601GKRVTTVSKD PKNNSRTLIF PYIPDKAVYN AIVKVVVANI GYEGQYHVRI INQDINTKDD
661DTSQNNTSEP LNVQTGQEGK VADTDVAENS STATNPKDAS DKADVIEPES DVVKDADNNI
721DKDVQHDVDH LSDMSDNNHF DKYDLKEMDT QIAKDTDRNV DKDADNSVGM SSNVDTDKDS
781NKNKDKVIQL NHIADKNNHT GKAAKLDVVK QNYNNTDKVT DKKTTEHLPS DIHKTVDKTV
841KTKEKAGTPS KENKLSQSKM LPKTGETTSS QSWWGLYALL GMLALFIPKF RKESK

Amino acids 1-40 (italics) represent a likely signal peptide, and amino acids 865-895 (italics) likely represent a propeptide sequence that is enzymatically cleaved, e.g., by a sortase. The mature extracellular polypeptide constitutes amino acids 41-864. The nucleotide sequence encoding the above-identified IsdH is provided at Genbank Accession NC_007795, which is hereby incorporated by reference in its entirety, and set forth below (SEQ ID NO: 9).

atgaacaaacatcacccaaaattaaggtctttctattctattagaaaatc
aactctaggcgttgcatcggtcattgtcagtacactatttttaattactt
ctcaacatcaagcacaagcagcagaaaatacaaatacttcagataaaatc
tcggaaaatcaaaataataatgcaactacaactcagccacctaaggatac
aaatcaaacacaacctgctacgcaaccagcaaacactgcgaaaaactatc
ctgcagcggatgaatcacttaaagatgcaattaaagatcctgcattagaa
aataaagaacatgatataggtccaagagaacaagtcaatttccagttatt
agataaaaacaatgaaacgcagtactatcactttttcagcatcaaagatc
cagcagatgtgtattacactaaaaagaaagcagaagttgaattagacatc
aatactgcttcaacatggaagaagtttgaagtctatgaaaacaatcaaaa
attgccagtgagacttgtatcatatagtcctgtaccagaagaccatgcct
atattcgattcccagtttcagatggcacacaagaattgaaaattgtttct
tcgactcaaattgatgatggagaagaaacaaattatgattatactaaatt
agtatttgctaaacctatttataacgatccttcacttgtaaaatcagata
caaatgatgcagtagtaacgaatgatcaatcaagttcagtcgcaagtaat
caaacaaacacgaatacatctaatcaaaatatatcaacgatcaacaatgc
taataatcaaccgcaggcaacgaccaatatgagtcaacctacacaaccaa
aatcgtcaacgaatgcagatcaagcgtcaagccaaccagctcatgaaaca
aattctaatggtaatactaacgataaaacgaatgagtcaagtaatcagtc
ggatgttaatcaacagtatccaccagcagatgaatcactacaagatgcaa
ttaaaaacccggctatcatcgataaagaacatacagctgataattggcga
ccaattgattttcaaatgaaaaatgataaaggtgaaagacagttctatca
ttatgctagtactgttgaaccagcaactgtcatttttacaaaaacaggac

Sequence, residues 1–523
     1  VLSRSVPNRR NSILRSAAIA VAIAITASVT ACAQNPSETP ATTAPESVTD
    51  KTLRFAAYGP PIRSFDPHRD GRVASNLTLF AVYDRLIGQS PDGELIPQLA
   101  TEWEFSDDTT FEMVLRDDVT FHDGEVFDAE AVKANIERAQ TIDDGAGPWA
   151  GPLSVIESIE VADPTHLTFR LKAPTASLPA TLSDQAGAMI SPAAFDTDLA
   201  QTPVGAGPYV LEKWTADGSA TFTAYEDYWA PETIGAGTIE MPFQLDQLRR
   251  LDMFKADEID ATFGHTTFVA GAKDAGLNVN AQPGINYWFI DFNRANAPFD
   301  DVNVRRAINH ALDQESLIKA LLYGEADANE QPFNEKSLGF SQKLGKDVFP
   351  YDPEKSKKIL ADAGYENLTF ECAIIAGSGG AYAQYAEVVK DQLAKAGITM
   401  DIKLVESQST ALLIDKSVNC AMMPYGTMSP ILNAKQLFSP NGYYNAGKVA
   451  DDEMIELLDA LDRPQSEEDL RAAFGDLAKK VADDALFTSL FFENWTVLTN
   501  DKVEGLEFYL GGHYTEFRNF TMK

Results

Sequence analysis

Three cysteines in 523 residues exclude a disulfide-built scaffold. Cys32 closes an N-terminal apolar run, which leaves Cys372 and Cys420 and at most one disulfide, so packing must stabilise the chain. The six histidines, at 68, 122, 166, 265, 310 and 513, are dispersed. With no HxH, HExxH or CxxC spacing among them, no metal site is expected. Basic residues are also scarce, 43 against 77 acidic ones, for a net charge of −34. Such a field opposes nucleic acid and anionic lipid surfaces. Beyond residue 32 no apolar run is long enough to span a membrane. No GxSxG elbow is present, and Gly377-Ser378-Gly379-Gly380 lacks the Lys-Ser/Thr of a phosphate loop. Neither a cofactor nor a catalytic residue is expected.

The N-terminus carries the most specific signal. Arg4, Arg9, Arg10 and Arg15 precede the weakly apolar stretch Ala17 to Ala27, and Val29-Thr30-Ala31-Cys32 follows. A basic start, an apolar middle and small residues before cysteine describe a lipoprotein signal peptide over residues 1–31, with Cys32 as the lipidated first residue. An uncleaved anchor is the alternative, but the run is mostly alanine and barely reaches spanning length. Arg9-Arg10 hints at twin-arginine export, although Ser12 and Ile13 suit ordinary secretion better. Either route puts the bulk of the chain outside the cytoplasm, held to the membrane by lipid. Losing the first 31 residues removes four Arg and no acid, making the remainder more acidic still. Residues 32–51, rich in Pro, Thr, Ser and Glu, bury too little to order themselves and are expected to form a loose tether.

caataattgaattaggtttaaagacagcttcaacatggaagaaatttgaa
gtttatgaaggtgacaaaaagttaccagtcgaattagtatcatatgattc
tgataaagattatgcctatattcgtttcccagtatctaatggtacgagag
aagttaaaattgtgtcatctattgaatatggtgagaacatccatgaagac
tatgattatacgctaatggtctttgcacagcctattactaataacccaga
cgactatgtggatgaagaaacatacaatttacaaaaattattagctccgt
atcacaaagctaaaacgttagaaagacaagtttatgaattagaaaaatta
caagagaaattgccagaaaaatataaggcggaatataaaaagaaattaga
tcaaactagagtagagttagctgatcaagttaaatcagcagtgacggaat
ttgaaaatgttacacctacaaatgatcaattaacagatttacaagaagcg
cattttgttgtttttgaaagtgaagaaaatagtgagtcagttatggacgg
ctttgttgaacatccattctatacagcaactttaaatggtcaaaaatatg
tagtgatgaaaacaaaggatgacagttactggaaagatttaattgtagaa
ggtaaacgtgtcactactgtttctaaagatcctaaaaataattctagaac
gctgattttcccatatatacctgacaaagcagtttacaatgcgattgtta
aagtcgttgtggcaaacattggttatgaaggtcaatatcatgtcagaatt
ataaatcaggatatcaatacaaaagatgatgatacatcacaaaataacac
gagtgaaccgctaaatgtacaaacaggacaagaaggtaaggttgctgata
cagatgtagctgaaaatagcagcactgcaacaaatcctaaagatgcgtct
gataaagcagatgtgatagaaccagagtctgacgtggttaaagatgctga
taataatattgataaagatgtgcaacatgatgttgatcatttatccgata
tgtcggataataatcacttcgataaatatgatttaaaagaaatggatact
caaattgccaaagatactgatagaaatgtggataaagatgccgataatag
cgttggtatgtcatctaatgtcgatactgataaagactctaataaaaata
aagacaaagtcatacagctgaatcatattgccgataaaaataatcatact
ggaaaagcagcaaagcttgacgtagtgaaacaaaattataataatacaga
caaagttactgacaaaaaaacaactgaacatctgccgagtgatattcata
aaactgtagataaaacagtgaaaacaaaagaaaaagccggcacaccatcg
aaagaaaacaaacttagtcaatctaaaatgctaccaaaaactggagaaac
aacttcaagccaatcatggtggggcttatatgcgttattaggtatgttag
ctttattcattcctaaattcagaaaagaatctaaataa